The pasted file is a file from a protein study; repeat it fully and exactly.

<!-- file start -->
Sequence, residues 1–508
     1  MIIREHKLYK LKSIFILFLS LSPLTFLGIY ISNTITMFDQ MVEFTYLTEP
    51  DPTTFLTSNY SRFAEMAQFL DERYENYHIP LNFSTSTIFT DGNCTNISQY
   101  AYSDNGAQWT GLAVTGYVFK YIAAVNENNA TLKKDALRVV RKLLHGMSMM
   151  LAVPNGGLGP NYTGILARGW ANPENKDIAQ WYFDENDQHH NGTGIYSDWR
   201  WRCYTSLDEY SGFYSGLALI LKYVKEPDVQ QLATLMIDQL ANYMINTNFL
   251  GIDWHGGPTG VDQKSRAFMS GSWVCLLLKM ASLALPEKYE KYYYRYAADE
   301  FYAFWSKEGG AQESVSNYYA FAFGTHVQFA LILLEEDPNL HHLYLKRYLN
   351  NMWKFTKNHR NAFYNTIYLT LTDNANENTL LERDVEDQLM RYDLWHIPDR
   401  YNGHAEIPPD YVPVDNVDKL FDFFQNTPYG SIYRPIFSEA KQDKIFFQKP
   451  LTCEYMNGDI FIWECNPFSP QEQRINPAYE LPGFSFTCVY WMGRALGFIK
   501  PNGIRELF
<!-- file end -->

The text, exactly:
Sequence, residues 1–508
     1  MIIREHKLYK LKSIFILFLS LSPLTFLGIY ISNTITMFDQ MVEFTYLTEP
    51  DPTTFLTSNY SRFAEMAQFL DERYENYHIP LNFSTSTIFT DGNCTNISQY
   101  AYSDNGAQWT GLAVTGYVFK YIAAVNENNA TLKKDALRVV RKLLHGMSMM
   151  LAVPNGGLGP NYTGILARGW ANPENKDIAQ WYFDENDQHH NGTGIYSDWR
   201  WRCYTSLDEY SGFYSGLALI LKYVKEPDVQ QLATLMIDQL ANYMINTNFL
   251  GIDWHGGPTG VDQKSRAFMS GSWVCLLLKM ASLALPEKYE KYYYRYAADE
   301  FYAFWSKEGG AQESVSNYYA FAFGTHVQFA LILLEEDPNL HHLYLKRYLN
   351  NMWKFTKNHR NAFYNTIYLT LTDNANENTL LERDVEDQLM RYDLWHIPDR
   401  YNGHAEIPPD YVPVDNVDKL FDFFQNTPYG SIYRPIFSEA KQDKIFFQKP
   451  LTCEYMNGDI FIWECNPFSP QEQRINPAYE LPGFSFTCVY WMGRALGFIK
   501  PNGIRELF